• Those damnable seats at the very front of most movie theaters are great incentive to show up as early as possible, unless one enjoys a stiff neck from looking straight up at an eye-filling view of the characters' nostrils.
    • Same goes for the very front rows in regular theaters. In addition to neck strain, the center seats pose a very high risk of being in the "splash zone"- read, spit from the actors- and the seats on either side can have a good chunk of the stage obstructed.
    • Some older stage theaters in Europe have the stages so high that the front seat have a amazing view of the orchestra, but most of the time only see the upper body of the actors that stand at the edge of the stage.
    • Operas in old colosseums such as in Verona have the side seats which don't necessarily obstruct anything...but since the opera is aimed at the center, most of the time the audience only sees one third of the singers behind the decoration and understand close to nothing thanks to the distance.
  • Older stadia such as Fenway Park in Boston (constructed in 1912) and Wrigley Field (constructed in 1914) tend to have more seats like the ones in the page illustration above.
  • Cleveland Stadium was famous for its obstructed view seats and general decrepitude. Attendance was always very poor. However, one long-time fan made the amusingly reasonable point that you can't really complain about both the lack of attendance AND the obstructed view seats; if you have a seat behind a column and no one else is in your section, just move two or three seats over.
  • It is said that when working out the seating arrangements for royal weddings, funerals, baptisms, etc., the British Royal Family have arranged things so that people who are out of favour, or viewed as liabilities and embarrassments, are routinely allocated the restricted-view seats. At the marriage of Prince Charles to Lady Diana Spencer, for instance, it was reluctantly accepted that Diana's flamboyant step-grandmother could not be excluded, despite her being eccentric to the point of actual insanity. Dame Barbara Cartland (for it was she, the eccentric neon-pink clad author of romantic fiction) was allocated a seat a long way away from the action and obscured by an inconvenient mediaeval cathedral pillar. This also kept her away from the television screens.
  • The Stockholm Opera House got around this one quite neatly, by having the seats in the top stalls that hardly got any view of the stage re-labeled as "listener's seats", and had the price adjusted accordingly. As of writing, the worst seat in the house offers no view, but a great listening experience, at the price of half a movie ticket.
  • For various events in the Church of Denmark, such as the investiture of a new bishop, or a royal marriage, baptism or funeral, it often results in some guests being seated in very awkward places, with little to no view of the main altar. However, through liberal use of flat-screen TV sets broadcasting the live pictures from the same event, the guests can actually see what is going on.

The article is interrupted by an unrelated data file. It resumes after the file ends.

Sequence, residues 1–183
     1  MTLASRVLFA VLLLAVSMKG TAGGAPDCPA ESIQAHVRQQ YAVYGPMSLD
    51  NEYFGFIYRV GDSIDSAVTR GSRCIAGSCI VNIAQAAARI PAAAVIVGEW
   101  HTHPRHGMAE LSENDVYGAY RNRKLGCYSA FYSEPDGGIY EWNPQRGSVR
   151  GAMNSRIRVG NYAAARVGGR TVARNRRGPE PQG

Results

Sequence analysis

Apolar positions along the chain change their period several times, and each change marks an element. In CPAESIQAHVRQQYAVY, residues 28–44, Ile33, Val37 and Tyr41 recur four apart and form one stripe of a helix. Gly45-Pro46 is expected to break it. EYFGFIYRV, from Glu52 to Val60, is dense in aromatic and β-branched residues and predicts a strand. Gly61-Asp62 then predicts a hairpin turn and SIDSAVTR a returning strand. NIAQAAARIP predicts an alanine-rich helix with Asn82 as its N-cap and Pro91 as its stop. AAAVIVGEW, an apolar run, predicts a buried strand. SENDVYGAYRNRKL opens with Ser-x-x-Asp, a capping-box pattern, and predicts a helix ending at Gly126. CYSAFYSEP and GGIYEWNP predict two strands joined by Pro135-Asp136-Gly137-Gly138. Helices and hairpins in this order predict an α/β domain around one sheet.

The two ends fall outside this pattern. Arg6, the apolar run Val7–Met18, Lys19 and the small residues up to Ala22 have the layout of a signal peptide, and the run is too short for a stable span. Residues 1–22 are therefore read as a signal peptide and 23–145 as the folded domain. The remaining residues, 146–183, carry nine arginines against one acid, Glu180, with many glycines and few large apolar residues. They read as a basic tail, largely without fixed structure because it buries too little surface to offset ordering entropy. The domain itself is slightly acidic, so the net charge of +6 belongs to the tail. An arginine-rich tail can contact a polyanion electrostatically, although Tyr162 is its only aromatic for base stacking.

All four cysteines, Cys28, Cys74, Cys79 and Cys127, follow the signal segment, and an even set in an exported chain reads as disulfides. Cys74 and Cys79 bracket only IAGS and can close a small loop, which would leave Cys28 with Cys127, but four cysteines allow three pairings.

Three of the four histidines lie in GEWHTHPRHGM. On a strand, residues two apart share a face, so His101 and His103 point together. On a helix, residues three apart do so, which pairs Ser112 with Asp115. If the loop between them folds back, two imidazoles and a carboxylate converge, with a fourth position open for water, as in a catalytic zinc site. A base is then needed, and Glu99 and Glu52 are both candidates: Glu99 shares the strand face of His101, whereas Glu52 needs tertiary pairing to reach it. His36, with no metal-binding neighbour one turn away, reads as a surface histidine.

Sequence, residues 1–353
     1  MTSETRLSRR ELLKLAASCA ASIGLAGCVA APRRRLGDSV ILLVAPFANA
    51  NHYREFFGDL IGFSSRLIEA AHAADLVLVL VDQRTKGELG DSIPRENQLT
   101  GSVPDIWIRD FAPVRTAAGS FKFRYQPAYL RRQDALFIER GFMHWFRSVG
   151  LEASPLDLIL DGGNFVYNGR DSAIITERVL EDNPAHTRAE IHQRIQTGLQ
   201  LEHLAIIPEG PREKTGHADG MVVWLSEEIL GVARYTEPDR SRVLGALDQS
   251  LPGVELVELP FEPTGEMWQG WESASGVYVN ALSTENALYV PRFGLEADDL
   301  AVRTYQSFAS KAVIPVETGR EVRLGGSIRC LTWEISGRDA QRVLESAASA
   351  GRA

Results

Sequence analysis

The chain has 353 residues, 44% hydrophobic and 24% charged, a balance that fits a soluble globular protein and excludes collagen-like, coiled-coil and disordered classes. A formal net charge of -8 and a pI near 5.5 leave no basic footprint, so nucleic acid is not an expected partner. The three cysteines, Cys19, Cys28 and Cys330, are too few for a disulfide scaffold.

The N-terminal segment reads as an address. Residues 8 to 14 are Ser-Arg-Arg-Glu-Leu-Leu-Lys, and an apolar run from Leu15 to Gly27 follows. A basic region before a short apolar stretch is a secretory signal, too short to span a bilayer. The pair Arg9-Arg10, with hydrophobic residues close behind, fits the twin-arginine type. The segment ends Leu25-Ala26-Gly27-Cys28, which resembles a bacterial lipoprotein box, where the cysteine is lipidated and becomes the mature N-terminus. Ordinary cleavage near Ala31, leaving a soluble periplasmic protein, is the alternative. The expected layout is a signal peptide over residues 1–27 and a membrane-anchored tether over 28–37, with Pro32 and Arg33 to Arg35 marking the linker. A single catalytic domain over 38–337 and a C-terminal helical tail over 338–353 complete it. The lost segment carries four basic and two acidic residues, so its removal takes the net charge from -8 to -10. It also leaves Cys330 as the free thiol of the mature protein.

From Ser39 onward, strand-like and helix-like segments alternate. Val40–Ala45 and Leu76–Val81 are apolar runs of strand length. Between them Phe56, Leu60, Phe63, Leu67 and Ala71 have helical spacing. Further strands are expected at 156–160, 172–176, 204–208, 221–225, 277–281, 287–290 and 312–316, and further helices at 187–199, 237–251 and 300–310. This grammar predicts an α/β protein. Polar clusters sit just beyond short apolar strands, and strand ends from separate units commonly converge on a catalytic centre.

• The American Shakespeare Center operates out of a reconstruction of the Blackfriars playhouse in Staunton, Virginia. As such, there are support columns that obscure the view of a few very particular seats. A good portion of the upper level can also be rough on those hoping to see a majority of the stage.
  • Most indoor arenas optimized for hockey can accommodate a basketball court with minimal problems. However, in arenas optimized for basketball, it doesn't work so well when accommodating hockey. A regulation NHL rink is 200×85 feet (61×26 m), whereas the dimensions of an NBA court is 94×50 feet (28.7×15.2 m) (110×60 feet (33.5 ×18.3 m) including buffer zones). Certain fans who have attended home games of the two NHL teams which played in NBA-centric arenas, the Arizona Coyotes (America West Arena) and New York Islanders (Barclays Center), have had to deal with obstructed views. One end of the lower bowl had to be retracted just to fit the ice floor. Those sitting in the neutral zone and the non-retracted end zone had decent views; however, those sitting in the upper levels where the lower bowl was retracted, their views of the goal were obstructed by the upper deck's overhang.
  • Many recently built or renovated NFL stadiums, such as Dallas' AT&T Stadium, Minnesota's US Bank Stadium, Atlanta's Mercedes-Benz Stadium, and Los Angeles' SoFi Stadium, feature field level club areas, typically behind the teams' benches. Unlike most examples of this trope, where the obstructed view seats would often be the cheapest seats, field level clubs at NFL stadiums tend to be the most expensive, aside from luxury suites; however, these club areas have the perks of having plush climate-controlled lounges and having better, and often complementary, food and drink options.
  • Cruise ship cabins that have lifeboats blocking the view of the balconies attached to them are often sold at a discount.
  • The "Mount Davis" grandstand at the Oakland Coliseum, built in the mid-1990s to lure the Raiders back to the East Bay, was clearly designed for football. More often than not, the upper deck seats on Mount Davis are tarped off when the A's play; ironically, in the Raiders' final years in Oakland, the upper deck was tarped off as well to get around the NFL's TV blackout rules. In the rare instances where the tarps do come off, fans sitting in the Mount Davis upper deck have their view of much of the outfield cut off.


Video Example(s):

Alternative Title(s): Nosebleed Section, Obstructed View


Section Q

Arnold and Gerald barely have enough money to buy tickets for Mickey Kaline's last game, until they come across a scalper selling tickets for half price. Said tickets, however, place them behind a pillar in the nosebleed seats.

How well does it match the trope?

5 (6 votes)

Example of:

Main / TheWorstSeatInTheHouse